Commercial Real Estate Index
The SIOR Commercial Real Estate Index is an attitudinal survey of local markets completed by commercial real estate market experts (SIOR members). The survey is conducted quarterly and helps measure the state of the commercial real estate market for the United States.
About the Index
The SIOR Commercial Real Estate Index is constructed as a “diffusion index,” a very common and familiar indexing technique for economic measures.
In the SIOR Commercial Real Estate Index, a value of 100 represents a well-balanced market for industrial and office property. Values significantly lower than 100 indicate weak market conditions; values significantly higher than 100 indicate strong market conditions. The theoretical limits of this Index are a low of zero, and a high of 200, though it is unlikely that such limits would be approached as long as the property markets are operating efficiently.
The Index is based on a survey questionnaire with ten topics. The topics covered are (1) recent leasing activity; (2) trends in asking rents; (3) trends in vacancy rates; (4) subleasing conditions; (5) levels of concession packages in leases; (6) development activity; (7) site acquisition activity; (8) investment pricing levels; (9) the impact of the local economy on the property market; and, (10) the effect of the national economy on the property market. Survey respondents are given five choices. For each topic, five choices are provided, corresponding to conditions that are very weak, moderately weak, well-balanced, moderately strong, or very strong.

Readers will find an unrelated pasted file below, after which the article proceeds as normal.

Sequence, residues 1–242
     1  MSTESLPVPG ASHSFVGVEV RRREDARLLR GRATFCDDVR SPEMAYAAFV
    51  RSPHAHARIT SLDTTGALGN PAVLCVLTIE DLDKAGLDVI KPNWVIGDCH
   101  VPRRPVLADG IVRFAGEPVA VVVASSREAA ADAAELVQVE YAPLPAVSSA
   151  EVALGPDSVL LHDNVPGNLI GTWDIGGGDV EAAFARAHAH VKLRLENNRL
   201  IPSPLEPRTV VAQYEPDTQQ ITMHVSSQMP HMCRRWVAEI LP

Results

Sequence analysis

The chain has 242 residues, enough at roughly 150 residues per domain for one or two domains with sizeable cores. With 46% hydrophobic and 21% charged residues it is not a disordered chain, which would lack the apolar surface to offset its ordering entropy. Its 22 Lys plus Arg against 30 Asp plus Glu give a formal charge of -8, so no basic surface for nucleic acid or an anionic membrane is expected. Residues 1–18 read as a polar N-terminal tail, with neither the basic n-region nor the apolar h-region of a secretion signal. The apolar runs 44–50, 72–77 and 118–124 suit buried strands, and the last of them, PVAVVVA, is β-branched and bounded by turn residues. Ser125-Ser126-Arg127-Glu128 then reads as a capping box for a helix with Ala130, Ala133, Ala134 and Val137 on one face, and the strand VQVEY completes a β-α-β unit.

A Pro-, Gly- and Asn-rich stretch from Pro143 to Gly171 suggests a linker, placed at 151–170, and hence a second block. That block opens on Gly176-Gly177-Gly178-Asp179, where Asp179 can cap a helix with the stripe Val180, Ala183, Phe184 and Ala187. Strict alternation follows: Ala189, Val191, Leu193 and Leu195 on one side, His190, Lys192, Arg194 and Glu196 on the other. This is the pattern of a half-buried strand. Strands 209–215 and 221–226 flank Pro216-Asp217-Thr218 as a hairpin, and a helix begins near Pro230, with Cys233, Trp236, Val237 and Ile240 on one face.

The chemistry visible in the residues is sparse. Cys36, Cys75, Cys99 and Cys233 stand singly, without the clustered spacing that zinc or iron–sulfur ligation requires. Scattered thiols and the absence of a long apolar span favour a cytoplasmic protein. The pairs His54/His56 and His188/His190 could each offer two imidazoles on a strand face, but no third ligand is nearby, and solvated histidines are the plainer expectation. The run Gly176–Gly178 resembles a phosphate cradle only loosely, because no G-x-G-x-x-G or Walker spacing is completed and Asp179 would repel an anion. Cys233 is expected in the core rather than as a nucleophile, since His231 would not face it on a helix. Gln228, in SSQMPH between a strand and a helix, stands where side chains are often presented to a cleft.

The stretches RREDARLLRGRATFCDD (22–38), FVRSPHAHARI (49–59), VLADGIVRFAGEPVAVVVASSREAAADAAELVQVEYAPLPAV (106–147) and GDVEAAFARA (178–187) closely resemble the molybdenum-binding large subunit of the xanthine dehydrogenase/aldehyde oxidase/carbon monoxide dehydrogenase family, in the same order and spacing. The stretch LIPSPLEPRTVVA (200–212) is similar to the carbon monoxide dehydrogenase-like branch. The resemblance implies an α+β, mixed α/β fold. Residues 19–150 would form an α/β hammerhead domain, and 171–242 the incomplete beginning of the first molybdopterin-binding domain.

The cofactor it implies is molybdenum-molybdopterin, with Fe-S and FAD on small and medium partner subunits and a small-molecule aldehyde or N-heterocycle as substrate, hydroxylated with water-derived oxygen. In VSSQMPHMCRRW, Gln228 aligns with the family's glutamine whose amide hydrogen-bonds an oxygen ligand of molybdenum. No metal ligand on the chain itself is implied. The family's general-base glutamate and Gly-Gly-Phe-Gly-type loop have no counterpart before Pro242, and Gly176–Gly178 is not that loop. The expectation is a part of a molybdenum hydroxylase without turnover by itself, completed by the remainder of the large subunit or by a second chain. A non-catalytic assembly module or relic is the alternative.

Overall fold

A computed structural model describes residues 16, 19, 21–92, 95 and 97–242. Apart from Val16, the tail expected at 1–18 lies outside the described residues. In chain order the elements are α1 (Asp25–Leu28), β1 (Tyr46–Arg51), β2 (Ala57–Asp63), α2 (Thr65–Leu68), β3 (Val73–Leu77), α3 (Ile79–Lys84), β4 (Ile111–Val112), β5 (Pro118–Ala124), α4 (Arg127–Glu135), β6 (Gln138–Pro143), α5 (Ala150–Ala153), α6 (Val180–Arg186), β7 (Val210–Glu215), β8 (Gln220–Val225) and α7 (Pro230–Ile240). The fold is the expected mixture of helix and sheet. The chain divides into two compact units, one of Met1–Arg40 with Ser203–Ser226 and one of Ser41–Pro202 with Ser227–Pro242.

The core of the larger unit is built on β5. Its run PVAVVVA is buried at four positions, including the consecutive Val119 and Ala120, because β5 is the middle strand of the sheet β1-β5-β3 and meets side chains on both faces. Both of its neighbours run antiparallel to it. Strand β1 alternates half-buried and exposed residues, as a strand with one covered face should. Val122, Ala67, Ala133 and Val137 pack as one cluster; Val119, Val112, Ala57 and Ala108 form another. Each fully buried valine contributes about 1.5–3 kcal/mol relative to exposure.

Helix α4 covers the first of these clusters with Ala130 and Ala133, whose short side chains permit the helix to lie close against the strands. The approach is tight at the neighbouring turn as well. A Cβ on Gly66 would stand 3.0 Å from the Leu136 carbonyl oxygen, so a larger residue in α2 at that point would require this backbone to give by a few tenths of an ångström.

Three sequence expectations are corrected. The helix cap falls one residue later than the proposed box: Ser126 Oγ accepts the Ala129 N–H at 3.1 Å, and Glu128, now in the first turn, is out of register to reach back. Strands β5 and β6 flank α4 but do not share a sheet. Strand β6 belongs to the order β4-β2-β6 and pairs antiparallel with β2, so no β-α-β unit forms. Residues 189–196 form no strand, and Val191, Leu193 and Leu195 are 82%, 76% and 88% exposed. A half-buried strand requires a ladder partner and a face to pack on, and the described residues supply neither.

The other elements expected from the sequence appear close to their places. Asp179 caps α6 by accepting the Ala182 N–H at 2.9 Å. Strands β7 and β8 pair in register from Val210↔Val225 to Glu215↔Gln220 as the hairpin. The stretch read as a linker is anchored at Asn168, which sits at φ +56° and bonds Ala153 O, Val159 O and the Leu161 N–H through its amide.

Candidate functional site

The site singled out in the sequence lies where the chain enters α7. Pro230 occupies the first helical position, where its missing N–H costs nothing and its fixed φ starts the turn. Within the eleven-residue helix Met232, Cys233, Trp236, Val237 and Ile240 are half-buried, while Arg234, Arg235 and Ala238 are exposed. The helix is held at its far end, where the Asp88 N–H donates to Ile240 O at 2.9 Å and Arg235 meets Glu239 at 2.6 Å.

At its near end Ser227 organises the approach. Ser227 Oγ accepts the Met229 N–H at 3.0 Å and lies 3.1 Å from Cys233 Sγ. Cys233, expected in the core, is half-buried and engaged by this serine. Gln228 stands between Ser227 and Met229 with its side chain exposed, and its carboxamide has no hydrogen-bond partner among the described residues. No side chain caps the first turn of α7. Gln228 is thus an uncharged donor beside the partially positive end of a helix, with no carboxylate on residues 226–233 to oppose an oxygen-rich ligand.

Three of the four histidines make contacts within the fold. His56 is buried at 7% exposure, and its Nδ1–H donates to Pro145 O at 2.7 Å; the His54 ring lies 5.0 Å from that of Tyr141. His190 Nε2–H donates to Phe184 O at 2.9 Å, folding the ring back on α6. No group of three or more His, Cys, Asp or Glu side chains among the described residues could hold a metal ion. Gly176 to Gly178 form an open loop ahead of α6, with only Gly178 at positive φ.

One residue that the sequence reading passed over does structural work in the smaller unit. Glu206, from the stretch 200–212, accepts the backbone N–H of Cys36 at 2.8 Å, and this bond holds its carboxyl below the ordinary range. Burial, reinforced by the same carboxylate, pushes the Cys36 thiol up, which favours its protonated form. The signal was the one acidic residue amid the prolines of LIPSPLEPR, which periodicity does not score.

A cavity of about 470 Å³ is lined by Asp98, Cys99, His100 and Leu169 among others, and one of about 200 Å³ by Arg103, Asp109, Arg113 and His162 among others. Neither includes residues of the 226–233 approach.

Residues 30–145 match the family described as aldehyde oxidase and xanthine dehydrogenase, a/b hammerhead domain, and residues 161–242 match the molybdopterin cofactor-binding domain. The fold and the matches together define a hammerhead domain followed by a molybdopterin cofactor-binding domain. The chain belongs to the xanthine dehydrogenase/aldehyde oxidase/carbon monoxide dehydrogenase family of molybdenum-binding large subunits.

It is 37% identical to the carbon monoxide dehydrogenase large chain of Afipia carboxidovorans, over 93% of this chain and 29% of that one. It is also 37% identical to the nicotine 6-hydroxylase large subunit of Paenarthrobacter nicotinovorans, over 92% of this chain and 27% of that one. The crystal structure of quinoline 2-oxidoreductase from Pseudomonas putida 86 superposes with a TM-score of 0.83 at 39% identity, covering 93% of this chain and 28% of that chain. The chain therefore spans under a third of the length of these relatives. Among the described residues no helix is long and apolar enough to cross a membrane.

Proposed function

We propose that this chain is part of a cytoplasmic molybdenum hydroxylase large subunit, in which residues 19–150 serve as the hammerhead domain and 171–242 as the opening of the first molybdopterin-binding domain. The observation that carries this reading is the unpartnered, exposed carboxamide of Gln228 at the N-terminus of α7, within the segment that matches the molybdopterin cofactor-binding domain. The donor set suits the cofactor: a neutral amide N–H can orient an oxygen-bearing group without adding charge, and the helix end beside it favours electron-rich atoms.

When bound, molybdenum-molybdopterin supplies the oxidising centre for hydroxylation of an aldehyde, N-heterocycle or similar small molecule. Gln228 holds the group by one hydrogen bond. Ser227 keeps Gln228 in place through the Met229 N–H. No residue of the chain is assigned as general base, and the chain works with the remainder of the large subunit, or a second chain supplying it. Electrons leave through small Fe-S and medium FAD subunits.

For each question, answers are tallied and the percentage of responses for each of the five choices is calculated. If survey panelists indicate “very weak” conditions (the “a” choices in the questionnaire), the answer is assigned 0 (zero) points; “moderately weak” (“b” answers) earn 5 points; an indication of “market balance” (“c”) receives 10 points; “moderately strong” indications (“d”) score 15 points; and “very strong” (“e”) responses receive a maximum 20 points. Thus a score of 10 for a given question can be earned if responses are evenly distributed across all five choices, if all responses were “c”, or if the answers form a “bell-shaped curve” centered around the “c” choice. The total index value is derived by summing the scores for all ten questions. Index values for each of the two property types are similarly calculated.
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